[Athen] correct terminology -- audio description or video description

Jennifer Sutton jsuttondc at gmail.com
Thu May 4 09:18:37 PDT 2017


I never dreamed my question would generate so much traffic or controversy.

But so that everyone has even more of the picture (since I do, due to
the people I bcc-ed who have even more history in the field than I
suspect most on this list do) . . .

This has been basically a political issue in the U.S. for decades, and
when I use the word "political," I mean in terms of debates, rather than
Federal government. To a degree, it's become an issue of branding --
somewhat dependent upon the source(s) of the product(s) you choose.

As I see it, the U.S. Federal government has been pretty clear in its
preference for video description.

If I were folks who received Federal funding for projects, I might want
to consider whether that might matter in whatever work you're doing,
even beyond the legal context when, I believe, using the correct term
would matter for legal accuracy.

In my particular case, when I am writing about laws, I will say "video
description" when they do, otherwise sometimes called audio
description," etc. But most other references will be left as they are,
i.e. "audio description," since not only is that my employer's
preference, but also because there are restrictions in the system that
would make it difficult to change.

I would also suggest that reliance on WCAG to guide one, in this
particular matter, might not actually be ideal. While it is only a note,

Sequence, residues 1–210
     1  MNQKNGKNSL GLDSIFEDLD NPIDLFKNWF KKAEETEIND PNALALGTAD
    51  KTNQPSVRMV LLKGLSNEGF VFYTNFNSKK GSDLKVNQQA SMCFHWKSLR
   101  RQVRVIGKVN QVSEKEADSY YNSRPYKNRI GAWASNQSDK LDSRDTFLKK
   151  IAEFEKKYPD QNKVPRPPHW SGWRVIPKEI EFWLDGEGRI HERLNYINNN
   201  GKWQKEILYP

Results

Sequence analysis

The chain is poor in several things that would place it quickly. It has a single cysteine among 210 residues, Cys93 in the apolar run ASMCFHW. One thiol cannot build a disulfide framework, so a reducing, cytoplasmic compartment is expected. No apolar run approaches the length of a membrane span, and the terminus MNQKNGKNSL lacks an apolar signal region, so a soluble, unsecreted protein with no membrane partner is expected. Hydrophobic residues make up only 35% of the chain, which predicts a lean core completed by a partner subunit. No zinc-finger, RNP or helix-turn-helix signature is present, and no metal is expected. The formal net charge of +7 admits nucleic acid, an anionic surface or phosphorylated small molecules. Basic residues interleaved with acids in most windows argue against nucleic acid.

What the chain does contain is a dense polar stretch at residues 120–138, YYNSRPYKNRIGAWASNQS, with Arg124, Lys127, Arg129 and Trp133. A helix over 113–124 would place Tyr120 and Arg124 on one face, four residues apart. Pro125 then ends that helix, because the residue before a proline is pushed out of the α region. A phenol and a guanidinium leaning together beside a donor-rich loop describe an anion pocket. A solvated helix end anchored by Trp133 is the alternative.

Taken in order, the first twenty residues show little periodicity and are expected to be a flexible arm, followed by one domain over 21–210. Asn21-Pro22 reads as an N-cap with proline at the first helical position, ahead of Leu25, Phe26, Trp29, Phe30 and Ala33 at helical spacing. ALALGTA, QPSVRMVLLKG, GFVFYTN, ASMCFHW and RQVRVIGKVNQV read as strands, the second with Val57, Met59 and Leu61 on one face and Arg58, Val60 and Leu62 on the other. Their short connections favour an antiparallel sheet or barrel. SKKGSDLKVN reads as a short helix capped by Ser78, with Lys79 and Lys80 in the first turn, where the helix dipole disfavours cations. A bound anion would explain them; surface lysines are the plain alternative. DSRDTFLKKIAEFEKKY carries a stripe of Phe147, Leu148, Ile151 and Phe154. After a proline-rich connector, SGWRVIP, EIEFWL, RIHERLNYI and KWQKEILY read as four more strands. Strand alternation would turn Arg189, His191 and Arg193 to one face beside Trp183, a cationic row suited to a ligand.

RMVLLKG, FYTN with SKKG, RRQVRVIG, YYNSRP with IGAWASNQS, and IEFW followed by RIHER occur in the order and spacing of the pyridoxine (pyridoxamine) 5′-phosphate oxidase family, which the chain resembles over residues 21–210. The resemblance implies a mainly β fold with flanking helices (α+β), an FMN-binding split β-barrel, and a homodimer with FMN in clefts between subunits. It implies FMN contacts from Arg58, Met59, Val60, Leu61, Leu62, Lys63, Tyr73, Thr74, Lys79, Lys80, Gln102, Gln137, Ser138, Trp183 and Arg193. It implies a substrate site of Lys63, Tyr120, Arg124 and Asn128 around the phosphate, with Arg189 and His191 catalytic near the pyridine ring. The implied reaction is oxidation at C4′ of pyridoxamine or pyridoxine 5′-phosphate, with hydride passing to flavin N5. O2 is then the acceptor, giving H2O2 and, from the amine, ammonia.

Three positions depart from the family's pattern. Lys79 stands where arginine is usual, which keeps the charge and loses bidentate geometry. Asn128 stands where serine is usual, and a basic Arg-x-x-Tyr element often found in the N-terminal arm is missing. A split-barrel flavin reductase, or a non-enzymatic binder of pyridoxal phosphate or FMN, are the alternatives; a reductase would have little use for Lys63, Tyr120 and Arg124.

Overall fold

and as I understand it, there may be a version 2 of it at some point,
the reference that demonstrates a close focus in this area by WAI is
this one:

Media Accessibility User Requirements


This group definitely wrestled with terminology, as I understand it.

Hope this reference proves helpful. I specifically asked someone who'd
worked on it for their thoughts as I suspect they focused a lot more
closely on it than those working on WCAG have had time to do. As a side
note, it will also be interesting to see whether this might be revisited
in WCAG 2.1, since it is well underway. As a result of my extensive
education on this subject, I will sure be on the lookout for both
further work on the "MAUR" and potential updates to WCAG 2.1.

I certainly got far more info and opinions than I imagined I would.
Thanks to all of you for your passion and knowledge.

Not that my personal opinion ever mattered because I was seeking
official guidance, but I would say that audio description sounds very
old-fashioned to me and only makes sense in the context of live

I think it all depends on who you listen to (in person, or where your
videos with the technology come from), how long you've been around (or
how long your "go to" references have been), in what contexts you've
been working (advocacy, legislation, not to mention Internationally), etc.

Descriptive narration was, indeed, floated at one time, but it never
caught on.

In terms of Netflix or iTunes . . . I guess I wouldn't consider them
particular authorities/informed by all the history I sure now have.
Somehow, I doubt they gave much thought to what they chose to call what
they offered; I suspect they were mostly concerned with getting the
content since there was such an outcry for it. But that's simply my
personal opinion. I'm not planning to check with them. :)

From an individual perspective, as someone who actually needs this
content, I wish folks would spend less time debating the term and more
time advocating for and creating the content itself. On this list, we
have seen only a micro-representation of the hours and hours of
meetings/discussions, over the decades.

Now, much to my pleasure, I'm moving on to other topics, and I wish you
all a pleasant day. Thanks again to everyone for their time and thoughts.



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